On March 24, 2019, authorities reportedly surrounded and prevented Al-Azhar University students from leaving campus in an apparent effort to restrict a peaceful protest over the university’s response to the reported rape of a classmate.
On March 18, a student was reportedly raped and beaten on the Al-Azhar campus. The student was taken to a hospital, but died from severe blood loss. The attacker, who has not been identified, was allegedly seen leaving campus by climbing over a wall.
University officials reportedly denied the incident, claiming the student had traveled home with her parents, and reportedly discouraged discussion of the incident on social media. In an alleged voice recording, Al-Azhar Vice President Osama Al-Raouf purportedly threatened students with dismissal and legal action if they discussed the incident on social media.
Shortly after news of the university’s response spread, students held a campus demonstration demanding that the university acknowledge and investigate the incident, and hold the relevant university authorities accountable for alleged negligence. During the demonstration, security forces reportedly surrounded the students and called on the students to end the demonstration. Authorities reportedly closed the campus gates to prevent students from leaving.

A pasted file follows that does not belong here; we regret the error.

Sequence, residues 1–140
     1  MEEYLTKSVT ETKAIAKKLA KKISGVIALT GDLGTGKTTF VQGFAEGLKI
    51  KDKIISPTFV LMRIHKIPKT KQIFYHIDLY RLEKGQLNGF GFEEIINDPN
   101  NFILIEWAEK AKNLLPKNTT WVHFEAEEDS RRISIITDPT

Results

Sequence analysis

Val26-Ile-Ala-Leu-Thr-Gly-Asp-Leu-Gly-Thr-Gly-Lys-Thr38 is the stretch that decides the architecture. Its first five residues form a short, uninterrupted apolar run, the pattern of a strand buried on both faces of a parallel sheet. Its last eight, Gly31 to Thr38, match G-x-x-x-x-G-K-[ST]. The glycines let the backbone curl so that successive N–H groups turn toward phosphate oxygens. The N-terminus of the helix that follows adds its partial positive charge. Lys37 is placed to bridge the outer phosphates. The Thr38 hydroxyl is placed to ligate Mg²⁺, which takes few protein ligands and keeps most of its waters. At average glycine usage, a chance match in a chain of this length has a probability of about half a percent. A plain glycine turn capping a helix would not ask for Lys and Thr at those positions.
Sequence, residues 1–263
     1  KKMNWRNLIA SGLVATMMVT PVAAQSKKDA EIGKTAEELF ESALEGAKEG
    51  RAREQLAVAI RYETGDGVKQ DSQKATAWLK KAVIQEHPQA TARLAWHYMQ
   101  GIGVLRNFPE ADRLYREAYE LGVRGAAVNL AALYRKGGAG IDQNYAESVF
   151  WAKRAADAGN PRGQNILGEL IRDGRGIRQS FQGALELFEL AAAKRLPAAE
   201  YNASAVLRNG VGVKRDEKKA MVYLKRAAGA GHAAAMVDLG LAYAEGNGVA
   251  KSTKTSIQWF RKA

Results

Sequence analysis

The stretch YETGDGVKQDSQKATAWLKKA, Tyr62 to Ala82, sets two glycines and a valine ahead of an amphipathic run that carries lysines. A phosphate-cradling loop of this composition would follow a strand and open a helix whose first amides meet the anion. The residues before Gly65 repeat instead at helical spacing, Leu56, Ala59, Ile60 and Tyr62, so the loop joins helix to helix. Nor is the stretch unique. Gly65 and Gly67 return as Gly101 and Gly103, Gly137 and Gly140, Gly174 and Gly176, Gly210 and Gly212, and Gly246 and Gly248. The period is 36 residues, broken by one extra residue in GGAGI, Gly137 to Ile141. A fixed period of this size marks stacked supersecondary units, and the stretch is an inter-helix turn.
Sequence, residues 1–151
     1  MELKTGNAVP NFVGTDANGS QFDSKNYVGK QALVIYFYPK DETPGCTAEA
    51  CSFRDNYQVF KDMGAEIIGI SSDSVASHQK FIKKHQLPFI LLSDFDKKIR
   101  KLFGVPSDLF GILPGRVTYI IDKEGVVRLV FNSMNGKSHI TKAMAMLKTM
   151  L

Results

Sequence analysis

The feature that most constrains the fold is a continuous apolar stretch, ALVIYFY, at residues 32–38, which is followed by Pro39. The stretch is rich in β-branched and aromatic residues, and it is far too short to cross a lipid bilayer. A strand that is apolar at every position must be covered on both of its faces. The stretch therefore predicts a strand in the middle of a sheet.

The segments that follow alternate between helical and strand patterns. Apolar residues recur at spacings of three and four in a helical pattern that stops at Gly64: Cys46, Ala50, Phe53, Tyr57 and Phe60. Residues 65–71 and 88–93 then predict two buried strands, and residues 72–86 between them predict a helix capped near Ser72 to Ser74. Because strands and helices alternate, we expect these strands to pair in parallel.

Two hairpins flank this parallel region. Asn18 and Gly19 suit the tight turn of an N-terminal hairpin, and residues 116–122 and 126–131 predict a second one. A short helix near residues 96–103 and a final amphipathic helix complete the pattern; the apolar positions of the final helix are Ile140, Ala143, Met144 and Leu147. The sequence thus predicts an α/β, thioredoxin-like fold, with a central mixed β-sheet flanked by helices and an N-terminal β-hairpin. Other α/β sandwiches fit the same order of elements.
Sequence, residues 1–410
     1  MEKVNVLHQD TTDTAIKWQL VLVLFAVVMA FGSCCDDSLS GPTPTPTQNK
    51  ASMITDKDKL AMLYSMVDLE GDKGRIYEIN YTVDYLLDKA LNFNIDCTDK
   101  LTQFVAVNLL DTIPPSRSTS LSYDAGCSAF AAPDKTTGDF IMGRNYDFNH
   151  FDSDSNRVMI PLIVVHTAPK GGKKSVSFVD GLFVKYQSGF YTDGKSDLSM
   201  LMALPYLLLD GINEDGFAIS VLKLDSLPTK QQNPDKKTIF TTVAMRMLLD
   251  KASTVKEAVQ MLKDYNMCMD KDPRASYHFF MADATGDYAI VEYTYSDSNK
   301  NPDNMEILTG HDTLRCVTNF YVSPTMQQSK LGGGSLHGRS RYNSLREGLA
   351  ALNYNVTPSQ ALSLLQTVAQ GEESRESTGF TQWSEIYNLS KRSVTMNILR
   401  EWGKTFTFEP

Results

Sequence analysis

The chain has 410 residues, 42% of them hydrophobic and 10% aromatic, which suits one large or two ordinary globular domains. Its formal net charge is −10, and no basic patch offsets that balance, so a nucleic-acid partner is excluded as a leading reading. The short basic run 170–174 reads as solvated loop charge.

Scholars at Risk is concerned about authorities preventing students from leaving campus in an apparent effort to restrict or retaliate against nonviolent expressive activity — conduct that is expressly protected under international human rights instruments including the Universal Declaration of Human Rights and the International Covenant on Civil and Political Rights, to which Egypt is a party. While authorities have a responsibility to maintain security and order, they must refrain from actions that interfere with or retaliate against the nonviolent exercise of the right to freedom of expression and freedom of assembly. In addition to the harm to the immediate victims, such actions undermine academic freedom and democratic society generally.